Magazine article The Fader

Haleek Maul

Magazine article The Fader

Haleek Maul

Article excerpt

During an early August afternoon at Best Pizza in Brooklyn, 16-year-old rapper Haleek Maul acts like an average teenager. He's slightly timid, easily distracted and doses his iced tea with a ton of simple syrup. The only indication of a dark disposition is the way his face lights up when he slays a witch in the vampire hunting game Castlevania that he's currently engrossed in on his laptop. To explain his penchant for the morose, Maul likens himself to the ocean surrounding the island of Barbados, where he grew up. "You think it's exciting and exuberant because of all the children and the things around it," he explains. "But if you've ever been to the beach at night, you realize how rough the seas are. When it hits the cliffs and the shoreline, it just seems so angry and powerful."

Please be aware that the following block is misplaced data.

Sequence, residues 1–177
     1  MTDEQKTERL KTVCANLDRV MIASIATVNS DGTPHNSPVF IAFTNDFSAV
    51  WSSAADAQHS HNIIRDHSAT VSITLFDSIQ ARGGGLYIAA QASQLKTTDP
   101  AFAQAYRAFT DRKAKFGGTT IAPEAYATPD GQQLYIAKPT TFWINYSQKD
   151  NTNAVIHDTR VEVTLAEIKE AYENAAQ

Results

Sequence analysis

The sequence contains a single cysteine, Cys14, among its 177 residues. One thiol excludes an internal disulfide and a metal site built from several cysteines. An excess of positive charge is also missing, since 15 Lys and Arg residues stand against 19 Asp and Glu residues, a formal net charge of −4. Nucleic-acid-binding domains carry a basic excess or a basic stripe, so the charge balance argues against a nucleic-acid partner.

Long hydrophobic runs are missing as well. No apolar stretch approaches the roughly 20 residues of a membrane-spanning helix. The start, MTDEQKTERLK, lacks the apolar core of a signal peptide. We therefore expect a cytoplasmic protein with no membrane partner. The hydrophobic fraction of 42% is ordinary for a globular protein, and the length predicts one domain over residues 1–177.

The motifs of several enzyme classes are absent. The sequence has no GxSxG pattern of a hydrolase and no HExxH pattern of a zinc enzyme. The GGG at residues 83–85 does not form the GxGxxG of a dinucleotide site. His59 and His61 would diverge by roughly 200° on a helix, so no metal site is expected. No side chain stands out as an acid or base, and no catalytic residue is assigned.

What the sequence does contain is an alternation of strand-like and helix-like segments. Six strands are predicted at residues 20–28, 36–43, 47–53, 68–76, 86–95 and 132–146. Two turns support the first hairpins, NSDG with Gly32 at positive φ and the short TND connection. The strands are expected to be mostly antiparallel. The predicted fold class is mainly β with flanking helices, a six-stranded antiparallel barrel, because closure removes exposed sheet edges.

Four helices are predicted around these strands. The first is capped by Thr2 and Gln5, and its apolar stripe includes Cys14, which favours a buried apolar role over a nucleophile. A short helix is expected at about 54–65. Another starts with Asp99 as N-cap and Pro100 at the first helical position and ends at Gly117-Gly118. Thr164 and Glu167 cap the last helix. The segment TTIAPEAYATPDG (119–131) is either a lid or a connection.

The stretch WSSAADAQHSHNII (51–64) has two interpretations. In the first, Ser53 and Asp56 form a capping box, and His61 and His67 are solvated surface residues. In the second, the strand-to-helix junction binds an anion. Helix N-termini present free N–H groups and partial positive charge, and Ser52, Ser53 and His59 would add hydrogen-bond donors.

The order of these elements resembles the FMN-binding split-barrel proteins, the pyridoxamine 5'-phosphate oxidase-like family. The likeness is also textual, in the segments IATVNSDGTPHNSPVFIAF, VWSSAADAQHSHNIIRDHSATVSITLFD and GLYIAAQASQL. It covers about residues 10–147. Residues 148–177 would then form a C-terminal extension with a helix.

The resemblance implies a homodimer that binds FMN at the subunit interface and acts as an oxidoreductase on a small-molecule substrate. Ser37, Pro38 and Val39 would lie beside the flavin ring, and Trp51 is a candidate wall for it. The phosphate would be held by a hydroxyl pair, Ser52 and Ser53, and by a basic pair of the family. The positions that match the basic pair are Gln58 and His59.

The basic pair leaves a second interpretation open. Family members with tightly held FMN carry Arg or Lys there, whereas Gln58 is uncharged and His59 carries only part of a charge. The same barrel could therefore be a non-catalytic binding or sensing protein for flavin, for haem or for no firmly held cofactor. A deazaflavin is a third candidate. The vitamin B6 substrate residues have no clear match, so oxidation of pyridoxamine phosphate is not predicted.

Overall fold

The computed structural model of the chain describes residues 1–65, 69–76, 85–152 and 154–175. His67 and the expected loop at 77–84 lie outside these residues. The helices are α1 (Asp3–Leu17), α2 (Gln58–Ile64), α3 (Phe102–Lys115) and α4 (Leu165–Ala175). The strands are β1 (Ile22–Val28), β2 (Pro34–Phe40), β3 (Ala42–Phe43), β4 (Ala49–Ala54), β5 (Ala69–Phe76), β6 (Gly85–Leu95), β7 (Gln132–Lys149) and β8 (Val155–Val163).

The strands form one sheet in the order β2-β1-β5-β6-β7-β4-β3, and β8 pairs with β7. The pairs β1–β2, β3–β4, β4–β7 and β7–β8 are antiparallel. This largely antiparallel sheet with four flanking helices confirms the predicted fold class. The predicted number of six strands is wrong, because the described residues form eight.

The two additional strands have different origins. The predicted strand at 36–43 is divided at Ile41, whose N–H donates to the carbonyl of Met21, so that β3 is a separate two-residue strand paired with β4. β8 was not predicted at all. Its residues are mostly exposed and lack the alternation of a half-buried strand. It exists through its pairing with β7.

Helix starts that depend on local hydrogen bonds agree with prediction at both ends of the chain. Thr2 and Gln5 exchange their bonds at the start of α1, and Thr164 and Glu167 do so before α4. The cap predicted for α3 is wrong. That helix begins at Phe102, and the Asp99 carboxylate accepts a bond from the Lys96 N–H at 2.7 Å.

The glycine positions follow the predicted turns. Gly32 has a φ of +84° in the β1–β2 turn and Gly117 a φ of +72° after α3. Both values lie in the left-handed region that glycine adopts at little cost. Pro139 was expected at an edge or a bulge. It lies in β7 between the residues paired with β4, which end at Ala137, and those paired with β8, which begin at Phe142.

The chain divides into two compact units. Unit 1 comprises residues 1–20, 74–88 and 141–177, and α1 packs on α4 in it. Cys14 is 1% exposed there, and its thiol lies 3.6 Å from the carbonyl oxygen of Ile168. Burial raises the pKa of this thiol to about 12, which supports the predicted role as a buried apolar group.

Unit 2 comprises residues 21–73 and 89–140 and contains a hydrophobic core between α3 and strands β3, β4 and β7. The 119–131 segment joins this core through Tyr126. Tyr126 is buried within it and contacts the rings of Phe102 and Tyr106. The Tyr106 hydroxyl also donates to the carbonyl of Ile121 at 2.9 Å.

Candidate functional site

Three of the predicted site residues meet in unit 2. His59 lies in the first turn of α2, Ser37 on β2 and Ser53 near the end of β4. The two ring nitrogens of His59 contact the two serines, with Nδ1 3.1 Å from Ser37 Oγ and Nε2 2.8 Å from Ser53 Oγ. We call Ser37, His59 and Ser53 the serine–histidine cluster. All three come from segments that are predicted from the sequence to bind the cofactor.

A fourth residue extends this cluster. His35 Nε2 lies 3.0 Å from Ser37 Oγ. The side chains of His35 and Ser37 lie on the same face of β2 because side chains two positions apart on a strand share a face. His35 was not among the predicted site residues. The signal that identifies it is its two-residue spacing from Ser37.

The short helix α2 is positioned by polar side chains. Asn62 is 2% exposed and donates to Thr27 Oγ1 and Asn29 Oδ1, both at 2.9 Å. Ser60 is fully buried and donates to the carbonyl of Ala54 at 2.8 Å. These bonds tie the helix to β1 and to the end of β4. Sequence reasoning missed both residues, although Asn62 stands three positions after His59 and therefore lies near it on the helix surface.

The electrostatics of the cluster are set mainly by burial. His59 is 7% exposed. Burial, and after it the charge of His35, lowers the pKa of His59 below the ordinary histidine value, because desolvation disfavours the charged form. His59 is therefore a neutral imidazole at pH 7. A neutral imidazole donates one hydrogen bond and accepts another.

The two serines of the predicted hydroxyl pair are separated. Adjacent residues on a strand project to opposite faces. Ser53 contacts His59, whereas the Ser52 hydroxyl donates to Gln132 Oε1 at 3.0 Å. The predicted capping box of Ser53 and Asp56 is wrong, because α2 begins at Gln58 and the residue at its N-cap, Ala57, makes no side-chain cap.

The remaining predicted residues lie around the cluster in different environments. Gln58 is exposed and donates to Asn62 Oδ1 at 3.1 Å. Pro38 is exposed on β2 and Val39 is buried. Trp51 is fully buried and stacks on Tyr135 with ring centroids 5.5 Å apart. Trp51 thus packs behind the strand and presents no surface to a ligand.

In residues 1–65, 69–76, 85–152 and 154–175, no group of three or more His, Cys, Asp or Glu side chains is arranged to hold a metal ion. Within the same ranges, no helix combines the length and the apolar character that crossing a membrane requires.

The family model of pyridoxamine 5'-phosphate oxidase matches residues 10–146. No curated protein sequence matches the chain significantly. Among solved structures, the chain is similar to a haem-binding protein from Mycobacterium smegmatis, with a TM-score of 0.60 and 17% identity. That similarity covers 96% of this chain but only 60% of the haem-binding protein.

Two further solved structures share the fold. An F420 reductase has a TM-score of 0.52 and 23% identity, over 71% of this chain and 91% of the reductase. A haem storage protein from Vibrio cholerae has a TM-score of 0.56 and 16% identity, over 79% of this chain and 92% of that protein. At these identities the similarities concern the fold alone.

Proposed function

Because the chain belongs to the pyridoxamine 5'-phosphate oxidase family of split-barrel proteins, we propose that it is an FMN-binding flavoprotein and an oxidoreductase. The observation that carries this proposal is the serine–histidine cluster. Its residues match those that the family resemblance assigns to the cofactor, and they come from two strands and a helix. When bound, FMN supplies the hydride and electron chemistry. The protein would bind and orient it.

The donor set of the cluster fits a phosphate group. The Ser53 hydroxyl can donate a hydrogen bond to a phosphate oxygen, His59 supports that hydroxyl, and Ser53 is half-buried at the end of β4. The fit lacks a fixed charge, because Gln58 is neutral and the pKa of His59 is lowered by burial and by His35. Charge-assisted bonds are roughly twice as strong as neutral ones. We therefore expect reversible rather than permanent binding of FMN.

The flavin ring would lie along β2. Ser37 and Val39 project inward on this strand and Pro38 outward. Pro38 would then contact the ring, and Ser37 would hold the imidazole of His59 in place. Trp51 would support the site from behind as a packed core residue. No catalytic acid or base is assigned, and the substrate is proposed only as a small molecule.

He relies on that power to write, often crafting lyrics in the middle of the night after having one of his recurring, lucid dreams, including, lie says, a nightmare where he's attacked by hooded creatures in a strange temple in the woods. The violent fantasies explored on his tracks have led some people in the tiny, hyper-Christian community back home to call him a Satanist. "No one [in Barbados] really fucks with my music," he says. "They're sheep." On "Fraulein," Maul raps, Baby, I'm a demon/ Think you better hide your soul over a crawling King Britt beat. It's a far cry from the jubilant soca music he was raised on.

For a teenager who raps about pill-popping, suicide and sexual exploits, Maul has surprisingly solid judgment, thanks to his grandmother's firm hand in raising him. …

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